The closing paragraph, however, really hit home for me:
Whichever way the argument over intelligent design is finally resolved, it is likely to damage science teaching. This is not because bad science standards will necessarily be adopted but because - as Diane Ravitch of the Brookings Institute showed in "The Language Police" in 2003 - the biggest threat to high standards is the unwillingness of state Boards of education to offend any sort of pressure group, whether right or left. Instead, they avoid controversial topics altogether. In 2000, a survey by the Fordham foundation found that only ten states taught evolution fully, six did so skimpily and in 13 the treatment was considered useless or absent. (Kansas received an F minus, and "disgraceful".) These failings shame American evolution teaching, and the manufactured controversy over intelligent design will to nothing to make them better.
In my whole K-12 career, I had three classes that had a big opportunity to talk about evolution: middle school physical&earth science, and high school first and second year biology.
The earth science teacher was, on the whole, a great guy. He made an admirable attempt to give us an idea of the scientific method, including having us run experiments of our own design. One such student experiment influenced real-world decision making by showing an energy-saving idea the school was using didn't work, and got the school to drop it. At the beginning of the year, he took written questions from the class and answered them. One such question was whether he'd talk about evolution. Answer: "Yes, but we'll also talk about creationism." I don't think he actually rejected evolution; he was just planning to tread lightly. Not that it mattered, the discussion never came.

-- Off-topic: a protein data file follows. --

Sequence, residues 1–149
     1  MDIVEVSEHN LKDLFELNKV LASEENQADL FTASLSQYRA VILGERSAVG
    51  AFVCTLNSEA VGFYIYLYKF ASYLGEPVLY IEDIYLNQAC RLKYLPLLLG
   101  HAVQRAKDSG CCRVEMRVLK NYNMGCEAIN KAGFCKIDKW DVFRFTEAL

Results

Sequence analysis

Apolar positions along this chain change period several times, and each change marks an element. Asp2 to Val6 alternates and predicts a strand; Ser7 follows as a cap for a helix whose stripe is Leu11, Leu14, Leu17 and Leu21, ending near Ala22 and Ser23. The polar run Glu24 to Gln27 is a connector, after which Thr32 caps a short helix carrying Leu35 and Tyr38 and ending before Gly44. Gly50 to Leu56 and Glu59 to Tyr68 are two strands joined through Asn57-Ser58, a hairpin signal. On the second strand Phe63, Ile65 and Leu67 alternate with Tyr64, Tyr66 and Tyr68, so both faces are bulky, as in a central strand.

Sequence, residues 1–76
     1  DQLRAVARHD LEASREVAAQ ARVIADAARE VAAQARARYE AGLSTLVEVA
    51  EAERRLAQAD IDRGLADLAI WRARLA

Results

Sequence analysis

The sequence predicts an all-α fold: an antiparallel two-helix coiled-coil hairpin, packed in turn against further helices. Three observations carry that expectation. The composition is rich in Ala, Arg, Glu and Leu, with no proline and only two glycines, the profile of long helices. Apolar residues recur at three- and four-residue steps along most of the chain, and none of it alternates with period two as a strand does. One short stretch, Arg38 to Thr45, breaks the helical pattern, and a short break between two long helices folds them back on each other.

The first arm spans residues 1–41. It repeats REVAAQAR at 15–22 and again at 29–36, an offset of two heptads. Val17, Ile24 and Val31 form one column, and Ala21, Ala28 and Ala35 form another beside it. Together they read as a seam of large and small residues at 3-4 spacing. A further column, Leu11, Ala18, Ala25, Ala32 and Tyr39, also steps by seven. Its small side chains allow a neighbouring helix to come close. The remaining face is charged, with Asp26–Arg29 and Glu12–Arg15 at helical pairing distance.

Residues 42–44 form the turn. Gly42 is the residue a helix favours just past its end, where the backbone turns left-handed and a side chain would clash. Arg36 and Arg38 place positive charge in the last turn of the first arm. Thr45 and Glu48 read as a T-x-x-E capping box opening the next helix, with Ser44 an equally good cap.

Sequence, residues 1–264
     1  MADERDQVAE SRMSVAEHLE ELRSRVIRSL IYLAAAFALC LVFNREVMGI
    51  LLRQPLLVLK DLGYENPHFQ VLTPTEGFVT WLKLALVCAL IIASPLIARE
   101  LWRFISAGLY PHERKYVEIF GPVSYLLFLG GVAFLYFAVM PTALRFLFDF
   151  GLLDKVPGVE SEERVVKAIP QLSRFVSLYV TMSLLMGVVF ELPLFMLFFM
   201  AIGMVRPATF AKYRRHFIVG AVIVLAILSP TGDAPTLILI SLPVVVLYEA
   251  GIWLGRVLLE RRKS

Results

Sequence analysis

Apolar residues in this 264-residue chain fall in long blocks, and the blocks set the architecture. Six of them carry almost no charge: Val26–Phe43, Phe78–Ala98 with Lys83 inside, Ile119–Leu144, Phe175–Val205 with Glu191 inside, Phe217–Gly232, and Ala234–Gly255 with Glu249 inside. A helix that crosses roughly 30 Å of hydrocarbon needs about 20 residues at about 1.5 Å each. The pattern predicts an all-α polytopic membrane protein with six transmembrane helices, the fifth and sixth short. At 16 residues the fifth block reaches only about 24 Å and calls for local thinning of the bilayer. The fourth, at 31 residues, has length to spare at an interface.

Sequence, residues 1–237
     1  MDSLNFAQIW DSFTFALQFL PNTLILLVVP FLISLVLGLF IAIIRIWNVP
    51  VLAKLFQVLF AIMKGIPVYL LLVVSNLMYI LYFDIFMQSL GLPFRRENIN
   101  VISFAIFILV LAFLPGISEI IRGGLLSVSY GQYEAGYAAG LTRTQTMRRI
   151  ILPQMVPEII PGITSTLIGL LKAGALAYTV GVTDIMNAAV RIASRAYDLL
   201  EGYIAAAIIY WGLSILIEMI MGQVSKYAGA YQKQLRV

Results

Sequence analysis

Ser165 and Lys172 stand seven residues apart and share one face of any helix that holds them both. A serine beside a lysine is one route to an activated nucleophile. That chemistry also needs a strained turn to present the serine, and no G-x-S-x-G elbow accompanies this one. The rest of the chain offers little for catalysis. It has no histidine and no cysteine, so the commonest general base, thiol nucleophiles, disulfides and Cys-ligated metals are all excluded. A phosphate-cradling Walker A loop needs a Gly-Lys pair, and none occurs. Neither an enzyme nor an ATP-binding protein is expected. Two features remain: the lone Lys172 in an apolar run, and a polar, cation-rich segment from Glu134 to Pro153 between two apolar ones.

In first-year biology, we got the bare bones of evolutionary theory. However, it was prefaced with the disclaimer, "If you think this is totally against your beliefs, you can just think of this as one of the theories out there." At the time, I recognized it as an unfortunate bit of appeasement, but I've come to realize that it was also a lie on an enormous scale. A lie very clearly told out of fear of a theoretically unsuccessful movement.
My second year biology teacher just seems to have forgotten to mention the subject. From her in-class denunciations of opponents of stem-cell research and medical testing on animals, I don't think she was the type to cower in fear of creationists. But with no state standards or anything reminding her she had to teach it, she didn't. This happened in spite of good opportunities to at least touch on the subject. We spent a lot of time on taxonomy, but never were we told that the system works because of common descent.
I know I've learned more about evolution outside of school than in, but I think this was even true before I decided to begin educating myself on the subject. Granted, I have a science teacher for a mother, so I'm not the norm, but it's still pathetic when a kid learns more about an important subject from his mother than school.
Not surprisingly, the report referenced in the Economist article grades my state, Wisconsin, as a D.
The lesson is clear: proponents of good science can't be lulled into thinking the only challenge is keeping creationism out of schools. This happens easily, with all states theorectically teaching evolution, and enemies of evolution using mantras like "teach both sides" which imply that they don't oppose teaching evolution. The reality is we must also support teaching evolution with the vigor we oppose teaching creationism.